What if you can rack up lots of points on credit cards?

Reader Question: I don’t understand why you don’t like it when people properly manage their credit cards and pay them off every month. By doing this, you pay no interest and in my case I even got a free trip to Europe from using my credit card. Please explain.

dave_ramseyI truly doubt that I can explain it to your satisfaction, but here goes. First, the credit card company did not give you a free trip to Europe. They’re not going to lose money on transaction after transaction, year after year. The fallacy is that you feel like you’ve outsmarted a multi-billion dollar company that studies human behavior at incredible levels. You maybe, possibly came out ahead against them during that particular calendar year, but even that’s debatable.

Over the course of your life, you’ll spend more when using credit cards as opposed to cash. There’s plenty of research proving this to be fact. If you use a credit card repeatedly with the idea that you’re getting a free trip to Europe because you’re building up your miles, you spend more. An example would be McDonald’s. When they started taking credit cards years ago, they found that the people using them spent 47 percent more.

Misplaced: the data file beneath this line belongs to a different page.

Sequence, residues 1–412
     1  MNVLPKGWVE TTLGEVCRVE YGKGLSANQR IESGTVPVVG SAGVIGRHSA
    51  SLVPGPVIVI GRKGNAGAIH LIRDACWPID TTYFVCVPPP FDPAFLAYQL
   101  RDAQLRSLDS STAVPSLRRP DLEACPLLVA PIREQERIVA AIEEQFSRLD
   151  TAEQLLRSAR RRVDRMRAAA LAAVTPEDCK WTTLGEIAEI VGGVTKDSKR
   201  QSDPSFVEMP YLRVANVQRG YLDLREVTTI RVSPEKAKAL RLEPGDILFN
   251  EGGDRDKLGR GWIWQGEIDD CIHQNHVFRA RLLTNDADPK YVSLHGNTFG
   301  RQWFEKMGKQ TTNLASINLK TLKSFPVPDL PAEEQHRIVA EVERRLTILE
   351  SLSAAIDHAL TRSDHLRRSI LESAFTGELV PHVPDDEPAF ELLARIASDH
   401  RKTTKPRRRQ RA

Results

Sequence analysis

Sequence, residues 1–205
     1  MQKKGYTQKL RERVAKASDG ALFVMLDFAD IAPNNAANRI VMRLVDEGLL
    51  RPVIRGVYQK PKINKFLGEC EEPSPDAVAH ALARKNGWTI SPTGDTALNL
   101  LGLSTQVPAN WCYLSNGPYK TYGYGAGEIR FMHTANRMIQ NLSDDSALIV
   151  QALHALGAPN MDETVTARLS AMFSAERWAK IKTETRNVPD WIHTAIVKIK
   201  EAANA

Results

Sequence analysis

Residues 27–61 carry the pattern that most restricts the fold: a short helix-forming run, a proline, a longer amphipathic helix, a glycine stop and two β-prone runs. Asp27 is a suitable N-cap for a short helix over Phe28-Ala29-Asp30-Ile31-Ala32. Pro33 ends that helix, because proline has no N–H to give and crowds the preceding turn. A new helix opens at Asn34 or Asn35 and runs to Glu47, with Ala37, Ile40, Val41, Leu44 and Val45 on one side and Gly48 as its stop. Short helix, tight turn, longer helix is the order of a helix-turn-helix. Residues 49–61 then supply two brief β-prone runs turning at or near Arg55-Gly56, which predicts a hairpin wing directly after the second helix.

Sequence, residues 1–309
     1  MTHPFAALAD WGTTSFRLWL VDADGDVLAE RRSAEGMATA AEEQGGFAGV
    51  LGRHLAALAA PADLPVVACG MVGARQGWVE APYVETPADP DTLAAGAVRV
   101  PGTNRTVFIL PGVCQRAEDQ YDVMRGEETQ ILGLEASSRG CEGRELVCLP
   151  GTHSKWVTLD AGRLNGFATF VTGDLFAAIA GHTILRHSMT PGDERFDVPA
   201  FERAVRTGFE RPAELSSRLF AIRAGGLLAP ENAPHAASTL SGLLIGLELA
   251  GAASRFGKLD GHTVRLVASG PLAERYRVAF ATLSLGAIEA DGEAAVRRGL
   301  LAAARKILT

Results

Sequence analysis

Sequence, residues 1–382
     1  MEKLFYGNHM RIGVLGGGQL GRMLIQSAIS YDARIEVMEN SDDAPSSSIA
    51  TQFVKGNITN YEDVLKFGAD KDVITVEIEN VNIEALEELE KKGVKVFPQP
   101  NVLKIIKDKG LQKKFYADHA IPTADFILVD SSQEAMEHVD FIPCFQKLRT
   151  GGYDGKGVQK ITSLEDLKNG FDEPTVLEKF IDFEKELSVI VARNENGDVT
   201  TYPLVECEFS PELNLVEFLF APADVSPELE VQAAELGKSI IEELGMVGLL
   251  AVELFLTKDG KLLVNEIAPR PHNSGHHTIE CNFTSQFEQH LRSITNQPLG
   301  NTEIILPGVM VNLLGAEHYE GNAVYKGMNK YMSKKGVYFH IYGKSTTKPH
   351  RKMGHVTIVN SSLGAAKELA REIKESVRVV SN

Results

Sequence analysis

In a good way, you are very unusual. You’re not playing over in the stupid zone like most people who use credit cards. But both I and the credit card companies have found that, on average, your behavior would put you in a class of less than one-half of one percent of their customers. Can 0.5 percent of people handling snakes manage not to get bitten? Sure. But that doesn’t mean I’m going to start recommending snakes!

Dave Ramsey

Dave is the author of The New York Times best-selling book Financial Peace. He is also the host of the nationally syndicated The Dave Ramsey Show, and is a regular guest on television. All of his financial counseling is based on biblical truths. You can hear Dave from 9 a.m. to 11 a.m., weekdays online at www.daveramsey.com. Send your questions toaskdave@daveramsey.com. He resides with his wife Sharon and their three children, Denise, Rachel, and Daniel, in Nashville, Tennessee.

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